NEBRASKA — A plume of dust from the Sahara Desert has made a 5,000-mile journey across the Atlantic Ocean reaching Nebraska on Sunday.
Dust storms from Africa’s Sahara Desert are nothing new, but the dust storm which blew across the Atlantic last week was one of the most extreme on record, according to the National Weather Service.
“Dust from Africa can affect air quality as far away as North and South America if it is mixed down to ground level. But dust can also play an important ecological role, such as, fertilizing soils in the Amazon and building beaches in the Caribbean. The dry, warm, and windy conditions associated with Saharan Air Layer outbreaks from Africa can also suppress the formation and intensification of tropical cyclones,” according to an article by NASA.
“While Saharan dust transport across the ocean to the Americas is not uncommon, the size and strength of this particular event is quite unusual,” NASA atmospheric scientist Colin Seftor said. “Also, if you look off the coast of Africa you can see yet another large cloud coming off the continent, continuing to feed the long chain of dust traveling across the Atlantic.”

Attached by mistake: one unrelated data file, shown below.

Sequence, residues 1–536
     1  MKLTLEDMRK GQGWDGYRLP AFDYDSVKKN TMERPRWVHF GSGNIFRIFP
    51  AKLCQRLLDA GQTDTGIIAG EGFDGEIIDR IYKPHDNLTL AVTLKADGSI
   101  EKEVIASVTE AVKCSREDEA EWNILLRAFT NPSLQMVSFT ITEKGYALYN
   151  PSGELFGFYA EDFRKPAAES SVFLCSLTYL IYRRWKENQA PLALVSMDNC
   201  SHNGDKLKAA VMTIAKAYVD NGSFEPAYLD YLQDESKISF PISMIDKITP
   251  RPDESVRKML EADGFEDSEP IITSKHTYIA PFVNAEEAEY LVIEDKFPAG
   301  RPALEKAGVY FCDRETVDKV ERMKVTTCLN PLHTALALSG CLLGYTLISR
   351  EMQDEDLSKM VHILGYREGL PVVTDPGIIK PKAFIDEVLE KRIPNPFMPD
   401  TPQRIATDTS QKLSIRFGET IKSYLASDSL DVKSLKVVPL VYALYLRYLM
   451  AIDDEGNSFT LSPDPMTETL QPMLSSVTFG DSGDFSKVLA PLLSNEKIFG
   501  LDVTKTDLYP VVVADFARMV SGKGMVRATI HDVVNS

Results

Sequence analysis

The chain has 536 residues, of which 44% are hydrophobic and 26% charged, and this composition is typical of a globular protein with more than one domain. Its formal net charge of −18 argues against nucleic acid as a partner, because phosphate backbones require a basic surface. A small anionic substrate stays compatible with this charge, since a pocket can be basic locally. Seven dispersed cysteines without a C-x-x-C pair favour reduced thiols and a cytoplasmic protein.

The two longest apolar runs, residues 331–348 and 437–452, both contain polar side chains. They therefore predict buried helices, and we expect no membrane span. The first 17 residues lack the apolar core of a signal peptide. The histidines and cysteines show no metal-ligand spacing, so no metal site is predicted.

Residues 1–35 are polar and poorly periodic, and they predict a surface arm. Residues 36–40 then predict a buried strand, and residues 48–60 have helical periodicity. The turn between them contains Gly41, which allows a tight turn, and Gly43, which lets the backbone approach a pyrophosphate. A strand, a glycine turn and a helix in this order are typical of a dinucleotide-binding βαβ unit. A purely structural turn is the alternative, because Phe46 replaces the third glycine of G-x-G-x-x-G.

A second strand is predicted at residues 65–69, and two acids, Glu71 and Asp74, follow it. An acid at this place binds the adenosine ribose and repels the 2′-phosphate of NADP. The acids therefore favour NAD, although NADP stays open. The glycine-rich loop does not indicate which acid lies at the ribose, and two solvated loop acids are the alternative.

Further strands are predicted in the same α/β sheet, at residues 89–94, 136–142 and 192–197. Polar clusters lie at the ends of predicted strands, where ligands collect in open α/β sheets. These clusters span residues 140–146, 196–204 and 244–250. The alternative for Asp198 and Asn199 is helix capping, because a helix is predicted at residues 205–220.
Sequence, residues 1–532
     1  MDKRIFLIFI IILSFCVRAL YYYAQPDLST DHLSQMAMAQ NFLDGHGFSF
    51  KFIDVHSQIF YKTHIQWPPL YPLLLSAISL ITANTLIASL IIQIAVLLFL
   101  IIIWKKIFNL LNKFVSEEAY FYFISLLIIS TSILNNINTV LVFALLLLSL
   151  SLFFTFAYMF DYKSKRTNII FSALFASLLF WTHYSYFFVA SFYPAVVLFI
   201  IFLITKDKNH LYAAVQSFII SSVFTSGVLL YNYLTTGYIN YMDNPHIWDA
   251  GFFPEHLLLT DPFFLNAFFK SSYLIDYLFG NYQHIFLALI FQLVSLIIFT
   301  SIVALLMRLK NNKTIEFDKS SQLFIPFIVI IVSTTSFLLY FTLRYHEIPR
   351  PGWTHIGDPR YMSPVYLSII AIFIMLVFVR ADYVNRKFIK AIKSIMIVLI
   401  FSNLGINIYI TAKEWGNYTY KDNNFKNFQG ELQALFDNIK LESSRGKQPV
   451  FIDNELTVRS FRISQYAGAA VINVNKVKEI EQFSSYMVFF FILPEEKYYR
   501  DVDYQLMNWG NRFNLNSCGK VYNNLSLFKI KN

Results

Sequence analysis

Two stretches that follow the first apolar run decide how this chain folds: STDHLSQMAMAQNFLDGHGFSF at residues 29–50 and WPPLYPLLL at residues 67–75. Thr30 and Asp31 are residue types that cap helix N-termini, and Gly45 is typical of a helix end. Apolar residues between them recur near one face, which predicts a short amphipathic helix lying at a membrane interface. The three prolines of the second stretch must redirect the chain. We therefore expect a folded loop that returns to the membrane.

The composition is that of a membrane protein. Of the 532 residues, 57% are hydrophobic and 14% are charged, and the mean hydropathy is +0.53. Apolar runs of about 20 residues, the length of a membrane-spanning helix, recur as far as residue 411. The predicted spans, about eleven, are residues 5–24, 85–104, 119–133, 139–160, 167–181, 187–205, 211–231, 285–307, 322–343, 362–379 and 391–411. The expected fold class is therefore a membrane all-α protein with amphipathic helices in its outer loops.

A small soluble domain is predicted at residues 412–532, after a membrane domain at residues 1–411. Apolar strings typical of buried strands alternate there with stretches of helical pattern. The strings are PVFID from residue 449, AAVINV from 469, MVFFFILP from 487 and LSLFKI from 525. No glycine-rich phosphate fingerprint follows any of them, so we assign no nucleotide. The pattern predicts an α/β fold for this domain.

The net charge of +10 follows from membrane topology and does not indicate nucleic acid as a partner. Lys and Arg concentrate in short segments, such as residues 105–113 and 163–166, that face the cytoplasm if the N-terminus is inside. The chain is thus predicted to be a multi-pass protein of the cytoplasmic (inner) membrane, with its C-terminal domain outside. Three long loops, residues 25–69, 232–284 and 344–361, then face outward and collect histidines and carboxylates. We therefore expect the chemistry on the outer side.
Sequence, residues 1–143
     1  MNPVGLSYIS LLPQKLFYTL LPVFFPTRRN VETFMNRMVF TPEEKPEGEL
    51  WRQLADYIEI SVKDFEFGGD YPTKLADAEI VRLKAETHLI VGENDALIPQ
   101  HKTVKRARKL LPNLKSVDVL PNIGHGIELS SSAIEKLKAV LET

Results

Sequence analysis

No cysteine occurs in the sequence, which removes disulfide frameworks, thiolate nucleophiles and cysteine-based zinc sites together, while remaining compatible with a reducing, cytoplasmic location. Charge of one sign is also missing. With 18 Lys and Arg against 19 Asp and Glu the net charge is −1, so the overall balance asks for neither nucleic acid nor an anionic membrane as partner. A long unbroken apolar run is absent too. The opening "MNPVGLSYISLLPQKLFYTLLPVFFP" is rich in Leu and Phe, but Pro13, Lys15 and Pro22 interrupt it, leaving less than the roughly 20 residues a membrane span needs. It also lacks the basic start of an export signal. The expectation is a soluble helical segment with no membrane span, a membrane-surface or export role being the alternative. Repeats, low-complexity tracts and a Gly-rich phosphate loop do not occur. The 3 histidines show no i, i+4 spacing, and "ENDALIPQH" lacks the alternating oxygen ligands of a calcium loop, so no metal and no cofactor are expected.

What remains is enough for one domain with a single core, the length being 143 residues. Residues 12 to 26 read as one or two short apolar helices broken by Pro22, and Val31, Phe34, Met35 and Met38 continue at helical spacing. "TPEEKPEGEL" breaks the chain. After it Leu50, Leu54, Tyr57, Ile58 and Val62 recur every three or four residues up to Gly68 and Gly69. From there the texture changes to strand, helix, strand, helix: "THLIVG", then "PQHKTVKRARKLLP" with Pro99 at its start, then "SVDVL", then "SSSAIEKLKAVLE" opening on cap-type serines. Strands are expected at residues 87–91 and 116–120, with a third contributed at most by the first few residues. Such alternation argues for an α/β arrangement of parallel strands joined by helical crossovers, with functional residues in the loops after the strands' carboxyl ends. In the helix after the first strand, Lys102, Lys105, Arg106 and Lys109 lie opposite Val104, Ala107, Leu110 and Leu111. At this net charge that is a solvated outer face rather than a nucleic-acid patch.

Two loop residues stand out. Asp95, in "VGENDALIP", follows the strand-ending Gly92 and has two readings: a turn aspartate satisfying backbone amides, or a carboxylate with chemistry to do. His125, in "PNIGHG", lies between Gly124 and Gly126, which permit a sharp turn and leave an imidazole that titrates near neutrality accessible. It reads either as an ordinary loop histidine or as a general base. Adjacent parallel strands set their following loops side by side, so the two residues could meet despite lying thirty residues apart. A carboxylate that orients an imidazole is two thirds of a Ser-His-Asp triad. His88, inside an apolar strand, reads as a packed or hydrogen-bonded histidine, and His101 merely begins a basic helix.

“On June 18, NASA’s Earth Observatory noted the thickest parts of the plume appeared to stretch about 2,500 kilometers, 1,500 miles, across the Atlantic Ocean. By June 24, the plume extended over 5,000 miles,” according to the NASA article.
The dust started moving off the African continent around June 15 and made its way across the Atlantic, moving over the Yucatan Peninsula and the Gulf of Mexico on June 24.
By June 28 the dust plume had made its way over the United States and reached Nebraska.
According to the Omaha World-Herald, enough dust blanketed Omaha on Sunday to noticeably affect air quality, according to the AirNow Air Quality Index published by the Environmental Protection Agency.
On Sunday afternoon, the EPA ranked particulate matter (dust) in eastern Nebraska and western Iowa at 140, which is at the upper end of the range (101 to 150) considered unhealthy for those with lung and heart conditions. Anything above 150 is considered unhealthy for the general public. Those who were vulnerable to air pollution were advised to remain indoors Sunday and reduce outdoor physical exertion.